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Product Details

ISBN-13:
9780760340592
Publisher:
MVP Books
Publication date:
10/07/2011
Edition description:
First
Pages:
288
Sales rank:
745,950
Product dimensions:
6.00(w) x 9.10(h) x 1.30(d)

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Booklist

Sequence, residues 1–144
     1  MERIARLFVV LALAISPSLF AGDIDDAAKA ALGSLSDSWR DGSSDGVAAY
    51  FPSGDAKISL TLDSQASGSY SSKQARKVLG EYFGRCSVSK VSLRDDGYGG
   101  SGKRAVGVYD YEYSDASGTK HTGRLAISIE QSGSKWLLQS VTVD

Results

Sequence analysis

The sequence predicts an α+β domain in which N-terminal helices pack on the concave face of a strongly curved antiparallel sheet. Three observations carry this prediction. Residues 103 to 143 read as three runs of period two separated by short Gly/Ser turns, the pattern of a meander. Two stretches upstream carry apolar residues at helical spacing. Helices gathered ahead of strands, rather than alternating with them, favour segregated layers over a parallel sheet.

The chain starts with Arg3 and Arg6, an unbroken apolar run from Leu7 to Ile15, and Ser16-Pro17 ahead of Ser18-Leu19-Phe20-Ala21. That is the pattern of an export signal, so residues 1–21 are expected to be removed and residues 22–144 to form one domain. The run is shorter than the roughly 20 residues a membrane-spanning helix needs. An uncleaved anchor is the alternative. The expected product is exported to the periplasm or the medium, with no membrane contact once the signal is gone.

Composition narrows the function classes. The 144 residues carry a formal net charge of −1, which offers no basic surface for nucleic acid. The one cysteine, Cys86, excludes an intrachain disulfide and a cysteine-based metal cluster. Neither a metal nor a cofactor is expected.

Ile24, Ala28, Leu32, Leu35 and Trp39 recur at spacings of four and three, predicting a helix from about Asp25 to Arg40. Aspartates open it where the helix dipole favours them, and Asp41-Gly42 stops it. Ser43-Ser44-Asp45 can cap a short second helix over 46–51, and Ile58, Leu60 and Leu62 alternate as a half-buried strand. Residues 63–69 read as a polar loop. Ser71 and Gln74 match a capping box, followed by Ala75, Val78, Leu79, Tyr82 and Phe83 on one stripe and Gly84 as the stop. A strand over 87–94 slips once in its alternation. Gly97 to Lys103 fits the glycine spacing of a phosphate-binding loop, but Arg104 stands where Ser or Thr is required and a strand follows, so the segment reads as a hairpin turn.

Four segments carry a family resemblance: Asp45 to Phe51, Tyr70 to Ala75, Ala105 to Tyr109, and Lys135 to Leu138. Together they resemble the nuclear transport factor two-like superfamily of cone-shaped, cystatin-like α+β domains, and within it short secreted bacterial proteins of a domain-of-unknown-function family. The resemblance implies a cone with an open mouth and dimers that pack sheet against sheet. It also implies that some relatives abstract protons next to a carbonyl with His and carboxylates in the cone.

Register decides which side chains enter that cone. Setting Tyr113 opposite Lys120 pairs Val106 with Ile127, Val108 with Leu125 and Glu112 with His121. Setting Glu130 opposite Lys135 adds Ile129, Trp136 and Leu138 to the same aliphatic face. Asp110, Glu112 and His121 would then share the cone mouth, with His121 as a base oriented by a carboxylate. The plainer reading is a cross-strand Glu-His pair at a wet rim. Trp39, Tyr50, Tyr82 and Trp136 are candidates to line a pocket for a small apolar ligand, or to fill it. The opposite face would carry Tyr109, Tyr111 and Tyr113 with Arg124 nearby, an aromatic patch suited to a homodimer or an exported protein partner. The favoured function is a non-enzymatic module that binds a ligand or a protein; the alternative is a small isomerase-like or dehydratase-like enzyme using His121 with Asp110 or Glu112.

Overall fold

Major league baseball in the 1960s was dominated by pitching. Sandy Koufax, Don Drysdale, and Bob Gibson may be the names that come to mind most easily, but Hall of Famer Juan Marichal also belongs on that list. No pitcher won more games in the decade than Marichal did for the San Francisco Giants. He was one of the first big leaguers from the Dominican Republic, and in his life after baseball he has been instrumental in his country becoming a hotbed for major league prospects and players. In this as-told-to autobiography, Marichal recounts his youth in the rural countryside, his experience playing for the Dominican Air Force team, and his brief journey through the minor leagues to the Giants. There are dozens of anecdotes about his major-league years and the rivalries he had with the other great pitchers of the era. He also discusses his post-baseball life as a scout and later as a key government promoter of the Dominican’s sports program. Overall, an intelligent sports memoir that will appeal particularly to fans who remember Marichal on the mound.